Three UT students won a $5,000 prize Saturday at the BodyHacking Con 2016 Startup Pitch Competition for pitching their crowd-favorite application ForeverCard.
In 2014, educational administration graduate student Michael Barnes and business honors and finance senior Zulian Tjuatja began working on ForeverCard, an application that allows users to scan any business card directly into their phones. After acquiring the help of lead developer, business freshman Jose Bethancourt, they were able to launch the app in the summer of 2015.
“For me, the problem we were trying to solve was very significant,” Tjuatja said. “Around McCombs, everyone is always networking and exchanging contact information, so business cards were an annoyance to me.”
ForeverCard was one of 10 finalists asked to pitch in the competition out of 70 candidates. The team presented to a public crowd of around 70 people and close to 140 livestream viewers.
Nursing sophomore Jessica Nguyen said the app could be a helpful tool for students and future employers. It could help with networking at campus events geared toward finding employers after graduation, Nguyen said.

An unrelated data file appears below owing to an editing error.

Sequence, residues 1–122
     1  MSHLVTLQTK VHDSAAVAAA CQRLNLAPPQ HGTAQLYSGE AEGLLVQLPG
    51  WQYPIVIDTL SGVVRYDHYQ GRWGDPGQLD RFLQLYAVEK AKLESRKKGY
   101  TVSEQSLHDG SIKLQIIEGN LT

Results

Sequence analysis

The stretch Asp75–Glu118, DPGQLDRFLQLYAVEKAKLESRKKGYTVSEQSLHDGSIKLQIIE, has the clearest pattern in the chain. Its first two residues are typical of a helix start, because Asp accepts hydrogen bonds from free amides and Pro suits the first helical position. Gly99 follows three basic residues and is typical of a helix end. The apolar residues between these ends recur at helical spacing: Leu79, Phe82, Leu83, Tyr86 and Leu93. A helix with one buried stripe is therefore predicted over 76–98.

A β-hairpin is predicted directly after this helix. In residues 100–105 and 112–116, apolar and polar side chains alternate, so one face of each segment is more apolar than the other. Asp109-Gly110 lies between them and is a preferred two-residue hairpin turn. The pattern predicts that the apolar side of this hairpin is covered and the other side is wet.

“I know a lot of people go to career fairs that are offered here on campus,” Nguyen said. “If those companies are aware of this app and don’t mind, then it’s easy to just sync up that information. I think it’s a good way to keep up with who you talked to at career fairs also.”
Wendy Mejia, UT alumna and technical sales representative for Zello, a local walkie-talkie app, said she sees the value of the application in customer-oriented markets which rely on customer information such as names, titles and company email.
“I think users that can benefit from this app are companies with a sales force, and companies who have a strong [customer relationship management] platform,” Mejia said. “An app like ForeverCard is great to have when meeting new customers, making a sale or at a convention where you meet several key contacts.”
The ForeverCard team hopes to expand their sales and marketing divisions to help promote the app and fix bugs with the money they won. They also plan on hiring more people to help Bethancourt keep up with the development work.
“I can’t believe [the process started] two years ago — it’s such a long time now,” Tjuatja said. “To me the app is sort of my baby. … I want to see it through and make it better and better.”